The European Union has an important role in climate and energy policy. Climate change is a transnational problem – it cannot be solved solely on the national or subnational level. As part of environmental policy, the topic of climate and energy is part of the shared competences between the EU and its member states. Climate action has become one of the top priority of the EU. Thereby, the Paris Agreement is the guiding principle for the EU. Accordingly, global warming shall be kept well below 2°C and if possible 1.5°C compared to preindustrial times
Climate and Energy Targets of the EU
Back in 2007, the European Union adopted its 2020 climate and energy package. Under the pithy title of the “20-20-20-targets”, the following objectives for 2020 were set: Greenhouse gas emissions are supposed to be reduced by 20 percent compared to 1990, the share of renewable energies shall increase to 20 percent and energy efficiency shall be improved by 20 percent as well.
In the meantime, the EU has updated its climate and energy policy with the 2030 climate and energy framework. The new targets build upon the 2020 targets and continue through to 2030. Specifically, the targets call for a reduction of greenhouse gas emissions by 40 percent until 2030 compared to 1990 levels, an increase in renewable energy consumption to at least 32 percent and an improvement of energy efficiency by at least 32.5 percent. In 2018, the EU has raised the targets for renewable energies and energy efficiency from 27 percent, respectively.
In the long-term, the EU wants to reduce its greenhouse gas emissions by 80 to 95 percent until 2050 compared to 1990. In November 2018, the European Commission has released a communication called “A Clean Planet for all – A European strategic long-term vision for a prosperous, modern, competitive and climate neutral economy”. This document shall stimulate discussions on a 2050 long-term strategy with a target to reach net-zero emissions in 2050.The transformation to an energy-efficient and low-carbon economy is supposed to result in economic prosperity, an increase in competitiveness and job creation.
The EU Emissions Trading System and the Effort Sharing Decision, which divides further efforts among the member states, are the main instruments to implement these targets.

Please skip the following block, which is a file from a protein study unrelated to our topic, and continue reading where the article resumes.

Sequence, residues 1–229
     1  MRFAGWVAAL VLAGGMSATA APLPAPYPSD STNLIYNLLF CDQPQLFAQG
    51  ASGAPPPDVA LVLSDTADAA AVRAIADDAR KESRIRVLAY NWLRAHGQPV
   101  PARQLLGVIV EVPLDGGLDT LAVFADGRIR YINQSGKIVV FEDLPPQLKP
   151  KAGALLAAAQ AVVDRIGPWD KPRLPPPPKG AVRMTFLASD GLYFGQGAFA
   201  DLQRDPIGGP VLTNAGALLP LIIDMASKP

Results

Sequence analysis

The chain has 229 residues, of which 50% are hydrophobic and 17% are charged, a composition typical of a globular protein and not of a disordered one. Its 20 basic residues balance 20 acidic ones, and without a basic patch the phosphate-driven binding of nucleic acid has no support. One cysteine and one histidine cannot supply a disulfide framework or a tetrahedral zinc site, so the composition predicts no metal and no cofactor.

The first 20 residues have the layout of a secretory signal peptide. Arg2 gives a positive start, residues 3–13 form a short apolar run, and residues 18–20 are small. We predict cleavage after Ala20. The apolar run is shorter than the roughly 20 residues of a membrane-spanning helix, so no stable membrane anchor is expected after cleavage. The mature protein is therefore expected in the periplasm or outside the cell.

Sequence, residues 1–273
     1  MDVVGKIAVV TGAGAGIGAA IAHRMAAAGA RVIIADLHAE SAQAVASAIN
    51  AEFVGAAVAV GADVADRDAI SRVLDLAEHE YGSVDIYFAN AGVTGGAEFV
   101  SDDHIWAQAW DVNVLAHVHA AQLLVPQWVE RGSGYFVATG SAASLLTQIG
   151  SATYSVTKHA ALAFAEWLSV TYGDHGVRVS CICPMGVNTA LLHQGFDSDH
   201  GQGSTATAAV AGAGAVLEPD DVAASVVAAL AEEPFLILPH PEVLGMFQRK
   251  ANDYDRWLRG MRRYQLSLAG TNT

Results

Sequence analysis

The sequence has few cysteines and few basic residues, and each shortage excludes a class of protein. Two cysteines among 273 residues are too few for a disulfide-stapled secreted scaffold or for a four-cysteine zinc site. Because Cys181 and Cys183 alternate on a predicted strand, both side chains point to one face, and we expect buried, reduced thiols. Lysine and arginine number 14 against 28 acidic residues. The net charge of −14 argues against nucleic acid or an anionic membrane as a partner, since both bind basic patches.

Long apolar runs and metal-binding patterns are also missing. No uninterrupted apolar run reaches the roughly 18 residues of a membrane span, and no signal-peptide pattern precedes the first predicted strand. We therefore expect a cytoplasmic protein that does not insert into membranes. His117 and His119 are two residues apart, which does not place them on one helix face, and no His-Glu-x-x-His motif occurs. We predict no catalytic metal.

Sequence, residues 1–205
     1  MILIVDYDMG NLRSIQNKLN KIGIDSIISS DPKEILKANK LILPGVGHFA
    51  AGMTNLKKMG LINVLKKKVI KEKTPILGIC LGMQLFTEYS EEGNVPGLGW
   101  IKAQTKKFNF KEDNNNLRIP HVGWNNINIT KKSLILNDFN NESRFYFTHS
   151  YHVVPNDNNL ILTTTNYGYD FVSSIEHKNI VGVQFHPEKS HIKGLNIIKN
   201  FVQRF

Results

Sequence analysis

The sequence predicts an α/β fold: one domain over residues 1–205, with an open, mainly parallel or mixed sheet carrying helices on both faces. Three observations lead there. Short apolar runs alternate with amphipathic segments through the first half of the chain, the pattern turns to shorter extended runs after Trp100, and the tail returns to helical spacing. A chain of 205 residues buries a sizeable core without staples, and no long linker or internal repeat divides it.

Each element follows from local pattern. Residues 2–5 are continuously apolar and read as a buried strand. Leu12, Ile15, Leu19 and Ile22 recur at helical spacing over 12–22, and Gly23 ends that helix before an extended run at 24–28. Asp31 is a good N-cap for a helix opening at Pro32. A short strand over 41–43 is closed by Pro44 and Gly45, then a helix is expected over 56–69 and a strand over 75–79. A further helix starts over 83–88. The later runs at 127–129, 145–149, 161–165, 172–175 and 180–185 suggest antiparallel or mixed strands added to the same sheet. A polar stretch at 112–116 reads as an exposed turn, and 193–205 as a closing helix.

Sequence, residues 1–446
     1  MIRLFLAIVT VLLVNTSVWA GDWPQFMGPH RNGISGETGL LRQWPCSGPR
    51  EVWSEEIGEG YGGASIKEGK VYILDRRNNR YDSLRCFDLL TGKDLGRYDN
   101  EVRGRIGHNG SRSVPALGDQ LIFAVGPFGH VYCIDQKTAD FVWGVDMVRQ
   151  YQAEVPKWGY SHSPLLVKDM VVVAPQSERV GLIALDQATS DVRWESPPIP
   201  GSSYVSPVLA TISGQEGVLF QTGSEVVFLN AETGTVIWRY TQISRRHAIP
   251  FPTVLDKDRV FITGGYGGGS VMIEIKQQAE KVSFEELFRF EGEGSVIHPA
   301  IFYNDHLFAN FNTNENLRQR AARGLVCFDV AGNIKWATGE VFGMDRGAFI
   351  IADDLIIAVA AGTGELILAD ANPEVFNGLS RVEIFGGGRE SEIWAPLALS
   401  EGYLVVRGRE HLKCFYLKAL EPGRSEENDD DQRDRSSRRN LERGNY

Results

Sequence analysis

EU Emissions Trading System
Trading in emission allowances for greenhouse gases is a key element of EU climate policy. The EU Emission Trading System (ETS) started already in 2005. It covers power plants and facilities in the power as well as in the industrial sector and aviation within the EU. Thus, the EU ETS regulates almost half of the greenhouse gas emissions in Europe and about 30 percent in Baden-Württemberg. Operators have to acquire certificates for their emissions. The total number of tradable certificates is limited; supply and demand determine the price of the certificates. The more expansive the certificate price, the higher is the incentive to take measures in order to reduce or avoid greenhouse gas emissions.
However, owing to continued low prices for emission allowances, the ETS did not have the desired effect for a long time. Since mid-2017, the price has increased, though. Meanwhile, a certificate costs between 20 and 30 euros.
In 2021, the fourth trading phase will begin. Then, the number of tradable allowances will be reduced by 2.2 percent annually instead of the present 1.74 percent. In addition, in 2019, decision-makers created a market stability reserve in order to cut back the number of surplus allowances based on a precalculated model.
Effort Sharing Decision
The Effort Sharing Decision covers emissions that fall outside the scope of the Emissions Trading System. This includes emissions from buildings, transport, agriculture and waste. The target set for 2030 is to reduce these emissions throughout Europe by 30 percent compared to 2005. For this purpose, the EU member states assigned themselves different objectives dependent on their economic power, ranging from zero to 40 percent. In Germany, a reduction by 38 percent is envisaged.
Other Climate Measures of the EU
Beyond that, the EU has defined further measures and activities to reach its climate and energy targets. For instance, vehicle manufacturers have to comply with performance standards for CO2 emissions for new passenger cars and light commercial vehicles. Additionally, domestic appliances and other machines and gadgets have to satisfy certain energy efficiency standards.
Moreover, the EU member states are obliged to promote renewable energies within their jurisdictions. Last but not least, the EU provides substantial financial means. From 2014 until 2020, the EU earmarked 20 percent of its budget for climate action, corresponding to 180 billion euros. Under the multiannual financial framework of the EU from 2021 to 2027, this share is supposed to be raised further.